Training for the Cumbria Way

With time on my hands, now that I don’t have to go to work for several months, and with (hopefully) an improvement in the weather on the way, it’s time to start getting out and about.  I’m scheduled to do the Cumbria Way at the end of this month, and after a winter’s relative inactivity I really need to put some miles on my boots before I go.  Also, I’m going to have to take loads of gear – probably everything short of the tent – so I’d better get used to the load I’m going to have to carry.

So on Sunday I walked home across the fields on Essex.  This can be quite a frustrating experience, as every time I’ve gone for a walk locally I either find that a path on the map doesn’t exist in reality, of that it is blocked in some way.  Sunday was no exception.

Setting out north from Belhus park we got onto farm tracks and then struck out on a footpath leading straight to and then alongside the M25.  Unfortunately, the path was blocked with both a barbed wire fence and an electric fence.  Now usually, this wouldn’t stop me if I was confident about the path and it was clearly just a blockage.  But it was quite likely that even if I made it across the field in front of me, I’d find further obstacles.  So I marked it down as one for the council, and retraced my steps back to the farm tracks, which then took us to the road running to the point we hoped to cross.    And then it was pretty much road and pavement walking all the way home from then on.  A useful 9 mile leg-stretch.

Then in the middle of this week, came the real training walk.  I decided to forego the delights of Essex fields and head over the water to Kent and walk in the North Downs area that I’ve walked so many times before.  But there’s a reason why I’ve walked it a lot before – the paths are well-maintained and waymarked, the scenery is better and there’s more variety in the walking.

I planned a two day trek with the aim of carrying full pack to see how it affected my distance, and also to try out some new items of gear.  My planned route was about 15 miles in a V-shaped walk from Gravesend out to the North Downs Way and back up to my parents for an overnight stop, resuming on day 2 with about 12 miles across the marshes back to Gravesend.

On an overcast and chilly day, I alighted from the ferry at Gravesend and walked up through the town that I grew up in, heading directly south to pick up the Wealdway at Singlewell.

Despite knowing the town so well, I still managed to take the wrong road south out of the town, although I put this down more to not paying attention as I passed old haunts.  I made good time though, and when I stepped off the tarmac onto the first of the fields this continued.  The excellent waymarking of the Wealdway made a map virtually redundant although I did look at it periodically to check where I was and what was coming up.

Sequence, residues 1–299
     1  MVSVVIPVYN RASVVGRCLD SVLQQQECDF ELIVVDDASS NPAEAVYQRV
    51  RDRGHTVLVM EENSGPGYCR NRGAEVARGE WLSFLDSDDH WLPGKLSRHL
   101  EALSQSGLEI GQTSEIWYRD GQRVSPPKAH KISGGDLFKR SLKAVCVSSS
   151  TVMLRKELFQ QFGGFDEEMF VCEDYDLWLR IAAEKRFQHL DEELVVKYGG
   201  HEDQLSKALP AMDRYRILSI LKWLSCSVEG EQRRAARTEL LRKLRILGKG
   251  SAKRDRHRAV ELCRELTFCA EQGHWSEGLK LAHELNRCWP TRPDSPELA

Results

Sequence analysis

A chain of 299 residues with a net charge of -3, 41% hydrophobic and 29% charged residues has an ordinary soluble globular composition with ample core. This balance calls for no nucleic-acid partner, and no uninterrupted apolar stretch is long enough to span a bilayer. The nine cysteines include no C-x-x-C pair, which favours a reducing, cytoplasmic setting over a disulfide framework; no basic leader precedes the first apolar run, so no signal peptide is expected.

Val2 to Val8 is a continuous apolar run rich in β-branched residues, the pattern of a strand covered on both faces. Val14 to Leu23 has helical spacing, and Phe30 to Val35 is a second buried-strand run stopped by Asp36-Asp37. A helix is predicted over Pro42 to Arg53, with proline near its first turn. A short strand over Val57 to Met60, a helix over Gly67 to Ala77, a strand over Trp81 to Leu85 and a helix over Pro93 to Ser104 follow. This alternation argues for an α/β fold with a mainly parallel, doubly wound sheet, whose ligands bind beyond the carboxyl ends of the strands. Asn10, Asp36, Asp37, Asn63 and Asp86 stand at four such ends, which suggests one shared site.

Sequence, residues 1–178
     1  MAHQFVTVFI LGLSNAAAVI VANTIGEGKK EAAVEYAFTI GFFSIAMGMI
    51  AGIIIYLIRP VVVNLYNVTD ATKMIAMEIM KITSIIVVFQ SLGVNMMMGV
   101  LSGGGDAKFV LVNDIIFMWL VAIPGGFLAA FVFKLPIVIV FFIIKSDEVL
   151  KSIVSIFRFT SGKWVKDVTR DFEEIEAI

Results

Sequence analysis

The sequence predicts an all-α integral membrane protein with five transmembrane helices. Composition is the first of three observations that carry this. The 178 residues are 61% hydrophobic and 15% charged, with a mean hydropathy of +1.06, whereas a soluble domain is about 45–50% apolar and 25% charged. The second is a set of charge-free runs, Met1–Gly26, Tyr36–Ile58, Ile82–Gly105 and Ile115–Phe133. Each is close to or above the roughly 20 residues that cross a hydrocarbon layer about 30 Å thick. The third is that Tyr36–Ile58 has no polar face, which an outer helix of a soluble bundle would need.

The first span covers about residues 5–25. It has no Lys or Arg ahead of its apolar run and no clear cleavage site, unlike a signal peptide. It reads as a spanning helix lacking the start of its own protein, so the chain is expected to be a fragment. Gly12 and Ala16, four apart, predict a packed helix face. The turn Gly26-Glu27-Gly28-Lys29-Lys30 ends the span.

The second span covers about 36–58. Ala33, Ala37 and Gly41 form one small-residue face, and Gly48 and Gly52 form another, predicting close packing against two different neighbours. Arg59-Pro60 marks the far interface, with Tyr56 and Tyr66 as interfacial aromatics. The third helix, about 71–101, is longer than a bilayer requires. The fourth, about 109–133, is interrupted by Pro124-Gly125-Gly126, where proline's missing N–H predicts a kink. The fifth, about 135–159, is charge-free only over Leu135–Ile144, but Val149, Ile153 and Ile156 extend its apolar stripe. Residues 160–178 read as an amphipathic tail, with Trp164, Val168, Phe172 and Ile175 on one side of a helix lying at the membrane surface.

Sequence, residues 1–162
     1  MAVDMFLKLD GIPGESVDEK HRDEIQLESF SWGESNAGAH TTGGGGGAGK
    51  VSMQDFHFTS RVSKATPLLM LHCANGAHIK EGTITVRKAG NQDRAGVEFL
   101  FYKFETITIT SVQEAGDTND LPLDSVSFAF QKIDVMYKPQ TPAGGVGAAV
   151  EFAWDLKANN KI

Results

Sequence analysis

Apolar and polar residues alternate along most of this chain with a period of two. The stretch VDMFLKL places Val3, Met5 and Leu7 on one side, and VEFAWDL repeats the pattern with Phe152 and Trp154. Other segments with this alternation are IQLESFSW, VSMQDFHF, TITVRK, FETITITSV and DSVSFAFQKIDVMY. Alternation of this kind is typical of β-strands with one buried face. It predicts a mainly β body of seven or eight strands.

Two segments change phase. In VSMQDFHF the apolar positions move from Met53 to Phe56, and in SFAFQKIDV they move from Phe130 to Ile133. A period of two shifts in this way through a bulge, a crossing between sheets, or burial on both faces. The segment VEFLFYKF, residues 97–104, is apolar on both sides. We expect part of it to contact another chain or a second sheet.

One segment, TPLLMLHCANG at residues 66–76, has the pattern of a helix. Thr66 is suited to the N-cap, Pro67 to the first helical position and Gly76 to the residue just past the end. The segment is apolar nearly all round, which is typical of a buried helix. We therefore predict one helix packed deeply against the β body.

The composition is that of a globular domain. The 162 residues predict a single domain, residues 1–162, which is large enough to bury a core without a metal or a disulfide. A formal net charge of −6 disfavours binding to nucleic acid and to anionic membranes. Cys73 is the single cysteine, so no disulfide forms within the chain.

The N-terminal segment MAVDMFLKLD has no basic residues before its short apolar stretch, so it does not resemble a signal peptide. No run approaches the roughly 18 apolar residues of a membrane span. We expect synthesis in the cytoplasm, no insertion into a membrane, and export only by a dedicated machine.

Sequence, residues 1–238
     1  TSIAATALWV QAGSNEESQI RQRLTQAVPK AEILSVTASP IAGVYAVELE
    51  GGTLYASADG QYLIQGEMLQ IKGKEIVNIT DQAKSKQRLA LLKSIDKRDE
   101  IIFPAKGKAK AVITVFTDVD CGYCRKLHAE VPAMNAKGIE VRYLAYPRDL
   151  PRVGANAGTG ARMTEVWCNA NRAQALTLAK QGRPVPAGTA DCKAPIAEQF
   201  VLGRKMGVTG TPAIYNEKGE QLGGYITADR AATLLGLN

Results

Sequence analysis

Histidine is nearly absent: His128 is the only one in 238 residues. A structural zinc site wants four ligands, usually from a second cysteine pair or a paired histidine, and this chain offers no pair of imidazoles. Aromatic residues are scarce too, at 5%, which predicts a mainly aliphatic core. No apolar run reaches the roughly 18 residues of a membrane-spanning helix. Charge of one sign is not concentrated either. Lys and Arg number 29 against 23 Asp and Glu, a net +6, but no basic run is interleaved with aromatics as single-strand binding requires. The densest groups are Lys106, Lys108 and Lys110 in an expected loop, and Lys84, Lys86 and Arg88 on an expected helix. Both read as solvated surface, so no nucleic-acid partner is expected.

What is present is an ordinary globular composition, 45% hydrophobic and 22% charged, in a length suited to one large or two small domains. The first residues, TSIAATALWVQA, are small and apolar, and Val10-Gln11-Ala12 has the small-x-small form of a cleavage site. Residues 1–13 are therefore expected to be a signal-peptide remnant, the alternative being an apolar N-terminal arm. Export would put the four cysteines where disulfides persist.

There were few people about (mostly dog walkers) and I saw my entire day’s allocation of fellow hikers in one hit as I headed away from Luddesdown towards Great Buckland.  After that the only people I saw were in the cars and houses I past every so often.

Heading to Great Buckland I was making great time and was already ahead of schedule, so decided to stick with the Wealdway for a bit longer – maybe even until it met the North Downs Way itself.  But I was starting to flag a bit once I got to Poundgate farm and my rough calculations already had me on 10 miles.  So I headed towards Holly Hill and had lunch at the trig point, exactly on the 11 mile mark.

Now came the slog through wood after wood and up and down valley after valley all the way to the Cobham Hall estate.  By 15 miles I was suffering, and each descent and reascent of a valley was painful.  I practically limped over the A2 bridge and the last few miles to my parents house.  A total of 19 miles (+2 miles to the station at home in the morning) and 555m of ascent.  About as good a comparable walk to Cumbria I could get near home.  Apart from the ascents, which were desperately slow, the pack weight didn’t seem a problem, but then again the ascents were later in the day for the most part, when I was tired.  So maybe it’ll beok.

Day 2 was always planned to be easier, and in view of the excessive day yesterday, I trimmed the walk further.  A mere 7 mile jaunt across Higham and Shorne marshes to Gravesend.  And I actually descended more than I ascended.

Although I’ll pay for it tomorrow, this was a good trip and gives me some feeling that my planned more strenuous Cumbria Way route is achievable.  But I’ll need to do a bit more practice.  I also had a successful rucksack test, and as my parents made me sleep on the floor, a successful new sleep mat test!

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